One might also point out that ISPs often don’t see Google’s YouTube or even Apple TV’s offerings as the potential disruption to their pay TV revenue that Netflix is. Rayburn points out that Apple TV is a mere 2 percent of total bandwidth during prime time compared to Netflix’s 34 percent, and then tries to point out that when Apple releases a software update it can be huge from a traffic perspective. That’s like trying to justify a crowd containment strategy by comparing the hordes of Black Friday shoppers at Wal-Mart to a normal day.

But, once again, the real issue here is not the differences between Apple and Netflix and whether they should pay for interconnections or not, but that these deals happen in secret when they happen, and in many places they happen in in markets that aren’t competitive. Both edge providers and ISPs consolidating their power — Google’s YouTube potentially buying Twitch, which is a growing source of traffic (about 1.35 percent of total bandwidth according to Sandvine) is an example of this consolidation on the edge provider side. Meanwhile, while AT&T’s(s t) Dish deal or Comcast’s(s cmcsa) proposal to buy Time Warner Cable(s twc) shrinks the overall ISP market — fewer players are at the negotiating table.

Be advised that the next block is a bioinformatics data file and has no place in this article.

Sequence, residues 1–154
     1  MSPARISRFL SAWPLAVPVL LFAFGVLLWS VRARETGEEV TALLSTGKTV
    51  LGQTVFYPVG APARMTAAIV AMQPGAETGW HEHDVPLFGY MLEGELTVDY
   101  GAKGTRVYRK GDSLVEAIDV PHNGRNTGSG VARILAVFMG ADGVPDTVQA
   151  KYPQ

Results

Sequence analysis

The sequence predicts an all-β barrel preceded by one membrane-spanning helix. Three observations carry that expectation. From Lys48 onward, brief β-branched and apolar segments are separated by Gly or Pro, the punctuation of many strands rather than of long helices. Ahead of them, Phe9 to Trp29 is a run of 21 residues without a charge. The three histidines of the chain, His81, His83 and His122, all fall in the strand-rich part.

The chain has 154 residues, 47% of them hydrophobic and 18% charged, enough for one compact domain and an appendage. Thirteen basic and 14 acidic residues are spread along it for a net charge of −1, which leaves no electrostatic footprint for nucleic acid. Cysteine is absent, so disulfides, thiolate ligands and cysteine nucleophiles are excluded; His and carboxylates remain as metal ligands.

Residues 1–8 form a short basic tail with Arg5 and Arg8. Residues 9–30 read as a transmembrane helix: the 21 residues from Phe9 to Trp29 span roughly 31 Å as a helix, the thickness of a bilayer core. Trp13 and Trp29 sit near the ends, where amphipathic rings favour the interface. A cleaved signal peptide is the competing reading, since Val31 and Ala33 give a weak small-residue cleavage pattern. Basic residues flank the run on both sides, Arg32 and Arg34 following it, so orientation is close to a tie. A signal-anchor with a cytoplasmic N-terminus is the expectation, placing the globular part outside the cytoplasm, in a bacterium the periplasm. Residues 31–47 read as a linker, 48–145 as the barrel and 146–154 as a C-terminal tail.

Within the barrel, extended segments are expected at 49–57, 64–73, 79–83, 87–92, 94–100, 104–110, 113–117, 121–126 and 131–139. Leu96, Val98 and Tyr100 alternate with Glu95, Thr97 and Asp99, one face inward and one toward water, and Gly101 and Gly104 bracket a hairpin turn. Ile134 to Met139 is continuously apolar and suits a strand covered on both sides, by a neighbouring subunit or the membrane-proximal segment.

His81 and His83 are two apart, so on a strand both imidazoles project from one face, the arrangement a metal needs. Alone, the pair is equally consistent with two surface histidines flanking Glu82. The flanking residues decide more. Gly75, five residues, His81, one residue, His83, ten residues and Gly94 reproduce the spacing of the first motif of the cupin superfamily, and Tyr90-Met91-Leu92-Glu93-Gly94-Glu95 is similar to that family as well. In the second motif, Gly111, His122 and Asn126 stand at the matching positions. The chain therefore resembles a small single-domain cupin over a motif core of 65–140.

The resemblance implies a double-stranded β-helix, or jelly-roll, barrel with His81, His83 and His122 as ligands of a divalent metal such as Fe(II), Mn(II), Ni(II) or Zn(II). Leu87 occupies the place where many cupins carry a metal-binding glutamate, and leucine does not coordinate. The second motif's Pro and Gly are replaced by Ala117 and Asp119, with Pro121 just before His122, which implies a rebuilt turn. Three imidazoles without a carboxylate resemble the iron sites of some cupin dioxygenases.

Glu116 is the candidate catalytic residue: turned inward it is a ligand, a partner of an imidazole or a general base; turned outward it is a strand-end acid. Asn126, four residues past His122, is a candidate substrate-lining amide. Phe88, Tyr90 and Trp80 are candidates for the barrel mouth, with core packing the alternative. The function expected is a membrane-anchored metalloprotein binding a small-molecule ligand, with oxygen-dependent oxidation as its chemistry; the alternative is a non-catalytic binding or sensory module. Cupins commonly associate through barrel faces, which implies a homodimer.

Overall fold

This is an issue that the current FCC Chairman has signaled will be an important one for his commission, explaining that while peering agreements aren’t part of the net neutrality debate (they don’t happen at the last mile, but at the point where traffic enters the last mile) they are essential to his “network compact” and the functioning of the internet.

Thus, I’m waiting for the commission to start demanding data from all companies who have a stake in this issue: those that haven’t complained publicly; those that have complained through proxies; and those that apparently are happy to accept the status quo. Until that point, I think it’s a stretch to try to compare Apple’s apparent acceptance of paying for direct interconnections to Netflix’s frustration with the practice. From here it’s like comparing apples to oranges. To find the right comparisons we’re going to need actual data, and then we can figure out if Netflix is just whining or is instead a canary warning us about an important connection point for the internet getting choked off by ISPs.